A Regional Workshop to consolidate assessments, design land reclamations and plan agricultural recovery

In line with the coordination intervention FAO - through its Regional Office for Asia and the Pacific - is convening a regional workshop to bring together interested parties involved in post-tsunami soil salinity assessment and rehabilitation work. The workshop will be held in Bangkok FAO Office the 31st of March and 1st of April, and will provide participants with an opportunity to share information, collectively assess initial findings related to rehabilitation needs and opportunities, share plans and proposals for future rehabilitation work, and develop mechanisms for collaboration and joint activities.

About 50 experts representing 7 countries are expected at the regional workshop. It is anticipated that the workshop will lead to a comprehensive and consolidated assessment of the situation regarding salinity as well as practical solutions for land reclamation interventions targeting salt, deposits and erosion. Since salinity is only one aspect of land rehabilitation and agricultural recovery it is the intention of the workshop to place the recommendations within a comprehensive regional framework for agriculture recovery, dealing with this issue within a much broader perspective.

Salinity is only one of the many constraints affecting the return to cultivation

Although today we can say that soil salinity is declining progressively and a return to normal conditions for crops can be expected within a few months for the remaining land that has not yet been cleaned, a return to cultivation depends on many other factors. Affected agricultural fields have been damaged by massive erosion, sediment and trash deposits along with salinity contamination. Leaching out salts is only one of the issues to be tackled in reclaiming the land. To revive a healthy agricultural community along the coasts of the Indian Ocean the perspectives should be further broadened in order to achieve an integrated approach to repairing the physical damage, but beyond that to revitalizing the farming systems as well.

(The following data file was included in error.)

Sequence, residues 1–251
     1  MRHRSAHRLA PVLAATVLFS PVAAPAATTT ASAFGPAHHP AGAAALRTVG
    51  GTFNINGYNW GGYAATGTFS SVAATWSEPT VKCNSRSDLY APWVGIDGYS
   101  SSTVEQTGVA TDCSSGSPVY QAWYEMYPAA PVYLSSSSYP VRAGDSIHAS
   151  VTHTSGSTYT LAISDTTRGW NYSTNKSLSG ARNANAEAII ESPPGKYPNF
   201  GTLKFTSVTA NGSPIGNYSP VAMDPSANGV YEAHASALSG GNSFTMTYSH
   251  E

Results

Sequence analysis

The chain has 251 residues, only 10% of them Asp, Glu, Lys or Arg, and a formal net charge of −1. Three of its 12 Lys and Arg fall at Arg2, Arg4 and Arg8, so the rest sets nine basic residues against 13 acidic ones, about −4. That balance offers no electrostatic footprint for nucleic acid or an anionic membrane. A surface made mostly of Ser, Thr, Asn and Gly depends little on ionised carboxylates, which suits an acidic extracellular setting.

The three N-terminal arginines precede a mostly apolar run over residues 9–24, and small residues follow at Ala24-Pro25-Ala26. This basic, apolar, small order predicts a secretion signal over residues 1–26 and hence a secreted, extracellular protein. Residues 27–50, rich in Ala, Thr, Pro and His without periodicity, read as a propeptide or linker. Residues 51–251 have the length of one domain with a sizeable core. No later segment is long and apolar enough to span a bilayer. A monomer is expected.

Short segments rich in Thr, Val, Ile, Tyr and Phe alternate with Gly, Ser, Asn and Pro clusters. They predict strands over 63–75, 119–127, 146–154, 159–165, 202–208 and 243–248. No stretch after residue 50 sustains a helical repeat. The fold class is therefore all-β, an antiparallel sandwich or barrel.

"Salt-cleaned lands of the West coast of Aceh may be kept fallow for different reasons, for example because households have not returned to their villages/fields; due to shortage of labour to clean and cultivate the land; and because people have other priorities such as building/repairing their homes; or are suffering from psychological trauma; because there is no capital for inputs; and no equipment and tools" reports Ronald Dijk FAO Agronomist Banda Aceh.

Along with the positive message that initial problems like salinity are being overcome, the challenges ahead require the continuous attention of all actors involved.

As rice is the main crop in the region FAO-AGLW proposes below an example of approach developed for paddyfield but which can be easily extrapolated to any particular other crop.

 contact: tsunami@fao.org © FAO, 2005